Major Dhyanchand National stadium-Hockey, New Delhi
When leading national dailies and television news channels flashed the words
“National Shame” in the wake of the collapse of a footbridge near the Jawahar
Lal Nehru stadium, India’s citizenry were shocked and embarrassed.
banner on a building in Mumbia, near the famous Marine Drive, that reads "India
Wins Gold Medal for Corruption."
Sharmila, an assistant professor of English at the Indian Institute of
Technology in Mumbai, weighed in.
“I feel ashamed,” she said, especially that homes of some of the poorest Indians
were bulldozed to make way for new facilities for the games. “The feeling of
shame and being cheated is because we thought we have arrived and suddenly
everyone’s whipping boy – the state – is not delivering.”
Even the media attention on a bridge collapse that injured people has moved on,
according to the professor.
“We are just managing, not presenting,” said 15-year-old Amrietaa Arun, a
student of Mumbai’s KC College. “The event is showing incompetence to the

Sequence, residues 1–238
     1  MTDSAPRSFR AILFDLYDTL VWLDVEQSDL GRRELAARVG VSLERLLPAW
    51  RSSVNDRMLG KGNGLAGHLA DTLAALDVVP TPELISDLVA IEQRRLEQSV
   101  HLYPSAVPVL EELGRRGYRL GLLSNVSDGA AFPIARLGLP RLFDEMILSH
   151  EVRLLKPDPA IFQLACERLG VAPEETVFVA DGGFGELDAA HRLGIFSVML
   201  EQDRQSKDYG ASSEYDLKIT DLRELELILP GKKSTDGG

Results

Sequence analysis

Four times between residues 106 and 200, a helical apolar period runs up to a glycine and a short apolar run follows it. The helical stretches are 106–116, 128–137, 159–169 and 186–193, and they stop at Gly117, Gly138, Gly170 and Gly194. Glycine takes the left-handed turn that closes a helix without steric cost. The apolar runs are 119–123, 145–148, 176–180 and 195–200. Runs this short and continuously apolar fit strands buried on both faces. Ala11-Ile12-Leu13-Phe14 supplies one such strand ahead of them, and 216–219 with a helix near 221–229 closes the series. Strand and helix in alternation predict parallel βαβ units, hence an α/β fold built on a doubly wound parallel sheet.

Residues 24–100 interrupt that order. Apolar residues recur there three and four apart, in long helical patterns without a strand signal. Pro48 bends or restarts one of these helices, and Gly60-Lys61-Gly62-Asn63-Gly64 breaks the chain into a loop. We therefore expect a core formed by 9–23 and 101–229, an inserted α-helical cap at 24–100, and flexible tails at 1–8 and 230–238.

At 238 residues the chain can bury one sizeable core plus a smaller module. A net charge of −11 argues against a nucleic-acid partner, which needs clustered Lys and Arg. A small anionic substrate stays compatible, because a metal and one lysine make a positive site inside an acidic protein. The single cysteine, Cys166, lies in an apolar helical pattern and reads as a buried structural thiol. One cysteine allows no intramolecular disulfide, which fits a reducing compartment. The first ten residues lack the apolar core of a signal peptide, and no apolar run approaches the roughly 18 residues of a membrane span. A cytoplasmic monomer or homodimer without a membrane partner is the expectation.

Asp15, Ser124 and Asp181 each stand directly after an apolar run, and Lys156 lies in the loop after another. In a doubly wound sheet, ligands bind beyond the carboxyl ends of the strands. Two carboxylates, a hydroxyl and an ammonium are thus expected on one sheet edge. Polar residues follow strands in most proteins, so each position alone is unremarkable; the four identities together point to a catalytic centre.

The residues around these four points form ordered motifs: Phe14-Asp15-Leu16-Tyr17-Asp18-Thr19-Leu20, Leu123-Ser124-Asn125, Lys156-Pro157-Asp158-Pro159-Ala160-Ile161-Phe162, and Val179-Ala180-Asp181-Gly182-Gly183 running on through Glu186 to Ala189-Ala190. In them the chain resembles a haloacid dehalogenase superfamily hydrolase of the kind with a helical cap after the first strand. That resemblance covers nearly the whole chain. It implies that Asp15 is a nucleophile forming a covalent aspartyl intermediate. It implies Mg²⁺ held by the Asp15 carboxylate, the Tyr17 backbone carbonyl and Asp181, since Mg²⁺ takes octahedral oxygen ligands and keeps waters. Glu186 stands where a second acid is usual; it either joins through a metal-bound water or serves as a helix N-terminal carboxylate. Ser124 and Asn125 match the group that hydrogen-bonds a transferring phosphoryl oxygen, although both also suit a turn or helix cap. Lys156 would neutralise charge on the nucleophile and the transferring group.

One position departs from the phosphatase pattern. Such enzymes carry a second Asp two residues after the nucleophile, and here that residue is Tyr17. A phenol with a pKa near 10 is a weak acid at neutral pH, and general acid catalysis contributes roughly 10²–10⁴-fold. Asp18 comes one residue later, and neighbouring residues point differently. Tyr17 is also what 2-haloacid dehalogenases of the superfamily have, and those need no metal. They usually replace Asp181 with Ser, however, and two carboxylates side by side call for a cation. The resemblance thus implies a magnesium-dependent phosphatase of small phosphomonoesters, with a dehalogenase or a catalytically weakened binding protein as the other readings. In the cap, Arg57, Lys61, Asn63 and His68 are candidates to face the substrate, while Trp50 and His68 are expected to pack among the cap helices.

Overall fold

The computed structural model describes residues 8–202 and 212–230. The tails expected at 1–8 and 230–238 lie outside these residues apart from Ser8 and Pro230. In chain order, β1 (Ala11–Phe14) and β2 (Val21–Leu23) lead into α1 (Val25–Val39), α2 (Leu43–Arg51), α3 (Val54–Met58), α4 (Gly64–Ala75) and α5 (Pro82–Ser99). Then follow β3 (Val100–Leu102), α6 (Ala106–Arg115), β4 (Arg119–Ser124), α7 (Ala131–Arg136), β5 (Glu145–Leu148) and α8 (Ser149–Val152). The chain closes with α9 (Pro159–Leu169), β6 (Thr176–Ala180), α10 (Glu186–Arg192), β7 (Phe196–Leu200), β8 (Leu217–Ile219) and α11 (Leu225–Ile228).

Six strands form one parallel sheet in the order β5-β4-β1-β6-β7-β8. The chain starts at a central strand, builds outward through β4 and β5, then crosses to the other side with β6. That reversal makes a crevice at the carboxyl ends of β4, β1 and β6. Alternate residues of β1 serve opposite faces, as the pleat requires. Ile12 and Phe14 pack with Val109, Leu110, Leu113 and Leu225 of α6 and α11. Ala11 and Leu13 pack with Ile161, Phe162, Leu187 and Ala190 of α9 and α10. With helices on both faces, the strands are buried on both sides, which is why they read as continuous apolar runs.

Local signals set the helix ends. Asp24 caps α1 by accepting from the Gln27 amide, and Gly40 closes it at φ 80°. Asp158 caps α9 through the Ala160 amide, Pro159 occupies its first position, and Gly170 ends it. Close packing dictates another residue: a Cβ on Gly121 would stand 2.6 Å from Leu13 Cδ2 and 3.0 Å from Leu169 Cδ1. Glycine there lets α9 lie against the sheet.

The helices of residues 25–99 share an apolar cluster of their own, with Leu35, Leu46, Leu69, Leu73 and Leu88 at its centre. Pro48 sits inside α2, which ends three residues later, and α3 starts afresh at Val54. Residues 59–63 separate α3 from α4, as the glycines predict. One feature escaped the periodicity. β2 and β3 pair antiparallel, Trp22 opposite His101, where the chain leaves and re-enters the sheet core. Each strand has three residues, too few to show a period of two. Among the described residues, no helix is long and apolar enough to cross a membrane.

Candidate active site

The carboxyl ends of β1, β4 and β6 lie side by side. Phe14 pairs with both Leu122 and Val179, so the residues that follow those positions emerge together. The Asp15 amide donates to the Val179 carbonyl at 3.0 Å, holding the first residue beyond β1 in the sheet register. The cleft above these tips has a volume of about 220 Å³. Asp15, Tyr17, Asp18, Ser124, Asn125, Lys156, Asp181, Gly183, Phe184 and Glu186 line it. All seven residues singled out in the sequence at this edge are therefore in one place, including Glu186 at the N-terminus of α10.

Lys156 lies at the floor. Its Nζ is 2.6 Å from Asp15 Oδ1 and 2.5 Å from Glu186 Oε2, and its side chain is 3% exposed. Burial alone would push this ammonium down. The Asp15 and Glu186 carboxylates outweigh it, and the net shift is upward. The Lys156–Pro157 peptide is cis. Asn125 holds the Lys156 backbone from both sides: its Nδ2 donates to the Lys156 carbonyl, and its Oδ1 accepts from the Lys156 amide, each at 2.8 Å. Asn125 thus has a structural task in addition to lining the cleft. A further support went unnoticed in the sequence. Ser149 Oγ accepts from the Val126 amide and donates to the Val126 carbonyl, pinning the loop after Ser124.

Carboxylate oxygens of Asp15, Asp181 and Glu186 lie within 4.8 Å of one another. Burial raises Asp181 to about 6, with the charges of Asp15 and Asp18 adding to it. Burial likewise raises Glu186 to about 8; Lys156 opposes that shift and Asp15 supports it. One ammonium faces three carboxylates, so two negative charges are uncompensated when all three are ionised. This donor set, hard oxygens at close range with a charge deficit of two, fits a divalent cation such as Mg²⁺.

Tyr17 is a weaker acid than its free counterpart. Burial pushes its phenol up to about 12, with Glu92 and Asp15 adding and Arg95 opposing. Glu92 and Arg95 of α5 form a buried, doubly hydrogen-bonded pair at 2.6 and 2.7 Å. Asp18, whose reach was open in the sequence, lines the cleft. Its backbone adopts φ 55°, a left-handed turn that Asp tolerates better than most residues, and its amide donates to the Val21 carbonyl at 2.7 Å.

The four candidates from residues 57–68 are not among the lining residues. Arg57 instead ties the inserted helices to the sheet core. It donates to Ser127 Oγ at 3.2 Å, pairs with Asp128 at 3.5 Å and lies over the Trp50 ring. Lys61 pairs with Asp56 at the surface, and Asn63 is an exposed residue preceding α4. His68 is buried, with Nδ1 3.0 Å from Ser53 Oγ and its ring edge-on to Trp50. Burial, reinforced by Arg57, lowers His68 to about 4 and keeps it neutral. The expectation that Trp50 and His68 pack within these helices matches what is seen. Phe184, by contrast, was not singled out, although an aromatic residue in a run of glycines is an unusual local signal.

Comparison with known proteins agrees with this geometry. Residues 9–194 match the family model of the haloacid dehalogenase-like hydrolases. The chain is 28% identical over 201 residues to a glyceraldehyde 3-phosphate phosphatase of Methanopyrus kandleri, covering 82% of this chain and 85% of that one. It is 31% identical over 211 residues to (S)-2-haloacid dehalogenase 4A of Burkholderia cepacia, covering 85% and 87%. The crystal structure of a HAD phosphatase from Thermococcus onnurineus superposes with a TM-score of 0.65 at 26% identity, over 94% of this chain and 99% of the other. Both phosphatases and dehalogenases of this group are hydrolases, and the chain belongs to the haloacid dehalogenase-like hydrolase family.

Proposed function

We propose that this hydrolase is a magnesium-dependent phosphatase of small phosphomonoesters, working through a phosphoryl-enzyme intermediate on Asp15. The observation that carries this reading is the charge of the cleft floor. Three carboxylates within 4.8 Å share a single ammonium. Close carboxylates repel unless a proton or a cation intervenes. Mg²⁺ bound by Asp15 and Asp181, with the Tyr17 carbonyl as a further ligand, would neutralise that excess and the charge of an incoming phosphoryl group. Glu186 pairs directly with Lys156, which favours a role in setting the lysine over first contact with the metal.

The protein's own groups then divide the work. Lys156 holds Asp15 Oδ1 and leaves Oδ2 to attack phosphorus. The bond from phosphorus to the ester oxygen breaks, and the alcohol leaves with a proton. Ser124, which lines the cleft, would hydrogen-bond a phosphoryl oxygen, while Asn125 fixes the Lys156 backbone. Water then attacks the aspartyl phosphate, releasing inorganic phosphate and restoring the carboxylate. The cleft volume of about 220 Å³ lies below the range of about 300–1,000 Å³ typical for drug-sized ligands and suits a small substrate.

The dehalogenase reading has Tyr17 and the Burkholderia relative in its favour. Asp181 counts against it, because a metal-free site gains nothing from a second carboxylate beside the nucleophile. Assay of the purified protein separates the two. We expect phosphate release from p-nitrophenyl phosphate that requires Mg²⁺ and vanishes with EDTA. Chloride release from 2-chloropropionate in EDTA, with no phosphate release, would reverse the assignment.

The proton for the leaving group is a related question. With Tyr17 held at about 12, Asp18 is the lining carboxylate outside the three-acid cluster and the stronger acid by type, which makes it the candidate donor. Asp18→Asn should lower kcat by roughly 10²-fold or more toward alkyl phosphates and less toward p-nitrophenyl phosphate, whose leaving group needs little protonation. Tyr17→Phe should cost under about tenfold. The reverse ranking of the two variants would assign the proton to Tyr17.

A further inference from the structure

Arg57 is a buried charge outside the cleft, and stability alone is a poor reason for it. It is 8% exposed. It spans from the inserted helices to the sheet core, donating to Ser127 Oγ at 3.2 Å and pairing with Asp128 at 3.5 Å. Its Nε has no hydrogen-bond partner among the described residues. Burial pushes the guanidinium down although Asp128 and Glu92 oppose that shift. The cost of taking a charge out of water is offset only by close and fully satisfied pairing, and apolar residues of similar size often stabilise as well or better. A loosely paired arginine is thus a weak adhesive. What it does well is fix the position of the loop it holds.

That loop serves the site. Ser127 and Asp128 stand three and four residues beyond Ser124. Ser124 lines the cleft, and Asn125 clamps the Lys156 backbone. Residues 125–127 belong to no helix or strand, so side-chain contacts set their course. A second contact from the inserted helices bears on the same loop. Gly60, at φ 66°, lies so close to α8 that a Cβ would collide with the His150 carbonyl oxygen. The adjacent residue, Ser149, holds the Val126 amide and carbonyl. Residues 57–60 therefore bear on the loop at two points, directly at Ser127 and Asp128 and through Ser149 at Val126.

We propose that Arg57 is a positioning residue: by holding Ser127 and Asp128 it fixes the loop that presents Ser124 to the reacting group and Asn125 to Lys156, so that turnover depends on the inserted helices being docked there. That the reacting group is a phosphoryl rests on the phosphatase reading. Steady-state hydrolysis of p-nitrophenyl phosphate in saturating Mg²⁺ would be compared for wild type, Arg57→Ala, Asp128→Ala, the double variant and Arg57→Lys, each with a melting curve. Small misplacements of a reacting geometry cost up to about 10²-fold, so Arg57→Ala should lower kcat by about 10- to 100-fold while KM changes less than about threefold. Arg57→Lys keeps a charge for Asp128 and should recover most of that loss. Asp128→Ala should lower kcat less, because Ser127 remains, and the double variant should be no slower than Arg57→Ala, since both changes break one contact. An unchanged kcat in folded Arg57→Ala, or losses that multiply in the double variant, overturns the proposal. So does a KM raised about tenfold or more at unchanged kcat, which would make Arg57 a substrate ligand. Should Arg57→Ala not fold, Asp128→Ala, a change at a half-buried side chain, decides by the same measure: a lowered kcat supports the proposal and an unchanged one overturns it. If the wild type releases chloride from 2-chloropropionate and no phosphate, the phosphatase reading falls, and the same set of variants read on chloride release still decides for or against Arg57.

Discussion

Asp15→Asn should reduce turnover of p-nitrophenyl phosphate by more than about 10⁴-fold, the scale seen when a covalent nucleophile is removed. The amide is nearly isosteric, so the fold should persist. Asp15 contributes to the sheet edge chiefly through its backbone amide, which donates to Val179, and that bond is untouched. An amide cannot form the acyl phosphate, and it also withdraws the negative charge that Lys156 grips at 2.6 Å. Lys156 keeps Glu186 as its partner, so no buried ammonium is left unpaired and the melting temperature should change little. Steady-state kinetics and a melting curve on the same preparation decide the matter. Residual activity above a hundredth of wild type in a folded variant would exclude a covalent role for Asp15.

The main focus for politicians is “filling their pockets,” said Milap Dadlani,
18, a student at Jai Hind College in Mumbai. “No one is bothered about the
performance at the games.”
But Sharmila said, “Which sports extravaganza is not part of politics?”
The Olympics, she said, are another example of the same.
“I am surprised that the English media consumers are waking up to something
called corruption,” the professor said. “What is the issue of shock? Corruption
is the way the public life is organized. I don’t think that anyone except the
middle class believes that this country is clean. I just don’t understand why
this episode should come as a stunning surprise to us.”
Dadlani said the games offer an opportunity for Indian sports talents to come to
the fore, and several of those interviewed said it is not too late to save
“We should not criticize the games,” Arun said, “but point out where they are
If the games are good, said Dadlani, “people will forget about other things.”
Standing outside KC College in Mumbai are, left, Sanket Ray, 19, a mass
media student, and Amrietaa Arun, 15 , a first year student of the